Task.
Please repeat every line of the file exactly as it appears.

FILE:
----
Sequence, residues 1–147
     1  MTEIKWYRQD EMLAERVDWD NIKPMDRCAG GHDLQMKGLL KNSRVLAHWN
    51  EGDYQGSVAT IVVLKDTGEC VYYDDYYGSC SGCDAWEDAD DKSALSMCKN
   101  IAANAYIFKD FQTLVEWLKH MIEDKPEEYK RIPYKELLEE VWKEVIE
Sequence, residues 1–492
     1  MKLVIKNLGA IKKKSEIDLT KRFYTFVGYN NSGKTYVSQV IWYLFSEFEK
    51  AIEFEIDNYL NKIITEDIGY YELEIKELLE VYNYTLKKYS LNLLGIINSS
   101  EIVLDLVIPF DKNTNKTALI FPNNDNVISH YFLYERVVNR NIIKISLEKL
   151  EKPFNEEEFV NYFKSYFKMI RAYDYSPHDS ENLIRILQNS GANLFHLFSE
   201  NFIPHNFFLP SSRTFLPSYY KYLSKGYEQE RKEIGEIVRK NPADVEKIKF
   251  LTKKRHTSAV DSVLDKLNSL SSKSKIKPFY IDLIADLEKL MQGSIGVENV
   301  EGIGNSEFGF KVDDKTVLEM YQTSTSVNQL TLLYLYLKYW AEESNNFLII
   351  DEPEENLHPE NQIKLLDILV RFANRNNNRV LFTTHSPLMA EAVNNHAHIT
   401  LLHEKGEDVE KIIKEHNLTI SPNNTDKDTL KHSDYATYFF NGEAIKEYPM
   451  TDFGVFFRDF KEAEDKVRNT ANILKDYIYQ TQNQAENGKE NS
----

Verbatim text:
Sequence, residues 1–147
     1  MTEIKWYRQD EMLAERVDWD NIKPMDRCAG GHDLQMKGLL KNSRVLAHWN
    51  EGDYQGSVAT IVVLKDTGEC VYYDDYYGSC SGCDAWEDAD DKSALSMCKN
   101  IAANAYIFKD FQTLVEWLKH MIEDKPEEYK RIPYKELLEE VWKEVIE
Sequence, residues 1–492
     1  MKLVIKNLGA IKKKSEIDLT KRFYTFVGYN NSGKTYVSQV IWYLFSEFEK
    51  AIEFEIDNYL NKIITEDIGY YELEIKELLE VYNYTLKKYS LNLLGIINSS
   101  EIVLDLVIPF DKNTNKTALI FPNNDNVISH YFLYERVVNR NIIKISLEKL
   151  EKPFNEEEFV NYFKSYFKMI RAYDYSPHDS ENLIRILQNS GANLFHLFSE
   201  NFIPHNFFLP SSRTFLPSYY KYLSKGYEQE RKEIGEIVRK NPADVEKIKF
   251  LTKKRHTSAV DSVLDKLNSL SSKSKIKPFY IDLIADLEKL MQGSIGVENV
   301  EGIGNSEFGF KVDDKTVLEM YQTSTSVNQL TLLYLYLKYW AEESNNFLII
   351  DEPEENLHPE NQIKLLDILV RFANRNNNRV LFTTHSPLMA EAVNNHAHIT
   401  LLHEKGEDVE KIIKEHNLTI SPNNTDKDTL KHSDYATYFF NGEAIKEYPM
   451  TDFGVFFRDF KEAEDKVRNT ANILKDYIYQ TQNQAENGKE NS